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EV tipping points: £24k, 30-min charge and 282-mile range

A price tag of £24,000 for an electric vehicle with a 282-mile range and a recharge time of half an hour are the tipping points at which “mainstream EV adoption” can be achieved, according to research from oil company Castrol.

The firm described 2025 as the potential year of the EV, a year later than the global average, with price being the top barrier to adoption. In the survey of 10,000 people across eight European markets, 68% of UK respondents said EVs are currently beyond their budget, while 62% mistakenly thought that the cars would cost more to maintain.

“The automotive industry has been hit hard by the coronavirus pandemic, but I believe that electric vehicles have a central role to play in powering the sector’s low-carbon recovery,” said Castrol Europe vice president Omer Dormen. “Castrol’s research shows that individual consumers are positive about making the switch to electric, but buyers in the UK expect to do so slightly later than those in other markets, and are keen to pay a bit less.”


Positive August used car performance

The average wholesale price of use cars rose by 15.6% last month compared with July 2020 according to Cox Automotive UK, despite the average age of stock rising by 0.7% to 5.7 years. Mileage has though down by 723 on July 2020 and by 2040 on August 2019 at an average of 61,310.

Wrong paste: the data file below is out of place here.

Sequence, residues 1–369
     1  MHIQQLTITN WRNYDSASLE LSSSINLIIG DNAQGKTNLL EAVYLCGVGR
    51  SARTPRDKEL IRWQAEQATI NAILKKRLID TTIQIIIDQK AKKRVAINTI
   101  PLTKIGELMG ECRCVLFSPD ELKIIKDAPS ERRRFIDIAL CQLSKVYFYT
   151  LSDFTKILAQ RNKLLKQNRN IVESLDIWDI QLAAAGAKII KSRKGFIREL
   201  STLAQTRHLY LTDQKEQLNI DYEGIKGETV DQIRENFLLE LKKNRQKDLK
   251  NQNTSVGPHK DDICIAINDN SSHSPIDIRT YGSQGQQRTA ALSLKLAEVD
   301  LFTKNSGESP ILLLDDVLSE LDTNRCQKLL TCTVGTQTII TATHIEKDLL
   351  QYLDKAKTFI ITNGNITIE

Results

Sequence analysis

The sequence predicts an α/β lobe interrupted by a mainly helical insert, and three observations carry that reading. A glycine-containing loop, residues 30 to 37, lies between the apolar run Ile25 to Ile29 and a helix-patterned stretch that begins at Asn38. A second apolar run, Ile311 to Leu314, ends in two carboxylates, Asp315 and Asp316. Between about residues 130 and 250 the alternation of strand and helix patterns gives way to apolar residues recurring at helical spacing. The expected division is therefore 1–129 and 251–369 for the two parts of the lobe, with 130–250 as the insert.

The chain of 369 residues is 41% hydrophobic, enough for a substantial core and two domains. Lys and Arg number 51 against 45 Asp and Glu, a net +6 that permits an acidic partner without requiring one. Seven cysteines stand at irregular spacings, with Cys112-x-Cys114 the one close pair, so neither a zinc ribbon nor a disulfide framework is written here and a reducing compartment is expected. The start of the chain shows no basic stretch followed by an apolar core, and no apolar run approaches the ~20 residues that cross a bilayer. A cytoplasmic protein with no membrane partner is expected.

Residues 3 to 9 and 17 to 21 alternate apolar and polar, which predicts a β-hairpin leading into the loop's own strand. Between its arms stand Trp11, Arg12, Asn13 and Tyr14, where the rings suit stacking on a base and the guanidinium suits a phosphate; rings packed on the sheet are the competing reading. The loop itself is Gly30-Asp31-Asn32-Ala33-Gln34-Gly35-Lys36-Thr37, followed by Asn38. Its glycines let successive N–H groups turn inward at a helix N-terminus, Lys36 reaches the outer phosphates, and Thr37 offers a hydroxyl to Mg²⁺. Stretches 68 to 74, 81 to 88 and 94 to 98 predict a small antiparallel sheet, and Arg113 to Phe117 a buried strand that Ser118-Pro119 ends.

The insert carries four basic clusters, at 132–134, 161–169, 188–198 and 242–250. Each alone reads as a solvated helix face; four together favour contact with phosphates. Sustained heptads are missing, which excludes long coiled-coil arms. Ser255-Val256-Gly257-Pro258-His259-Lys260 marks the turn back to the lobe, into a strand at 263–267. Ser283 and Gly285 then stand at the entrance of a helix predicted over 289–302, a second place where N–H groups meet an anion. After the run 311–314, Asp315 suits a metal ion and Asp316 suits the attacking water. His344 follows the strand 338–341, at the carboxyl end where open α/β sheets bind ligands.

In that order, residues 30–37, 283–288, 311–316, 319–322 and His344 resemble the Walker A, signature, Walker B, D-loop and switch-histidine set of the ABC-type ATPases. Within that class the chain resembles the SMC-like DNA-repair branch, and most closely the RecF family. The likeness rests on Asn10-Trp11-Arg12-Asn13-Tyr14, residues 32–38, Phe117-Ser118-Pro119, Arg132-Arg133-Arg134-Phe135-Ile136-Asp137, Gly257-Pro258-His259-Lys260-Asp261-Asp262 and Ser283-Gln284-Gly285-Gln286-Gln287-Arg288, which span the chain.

“Our data and insight indicate that the profitability many retailers have enjoyed since lockdown restrictions lifted has continued through August, with many capitalising on retail and trade margins,” said Cox Automotive UK’s Customer Insight & Strategy Director Philip Northard. “Although there were reports of demand easing in both the retail and wholesale market as the month closed, early indications in September show a return to positivity as supply continues to be challenging.”


Fleet Assist hits 80% EV and hybrid capability

Fleet Assist’s garage network of more than 4500 franchised sites, fast-fit operators and independent garages has passed the 80% marker of operations able to work on hybrid and electric vehicles.

The 3,800 “hybrid and EV ready” garages require a technician that has completed, as a minimum, the IMI Level 2 qualification in Hybrid Electric Vehicle Operation and Maintenance and have suitable premises.

“We have been working on ensuring our network could deal with the marketplace changes since 2017 and as early as 2018 50% had this capability,” said Fleet Assist’s Managing Director Vincent St Claire. “It’s testament to the relationship we have with our network and through the use of our Atlas business intelligence system that the capability of each garage is recorded and available to our customers. This is supported by periodic audits which are completed by our network development team to ensure we direct the servicing work to the most relevant garages.”


Skoda reveals 316-mile electric SUV

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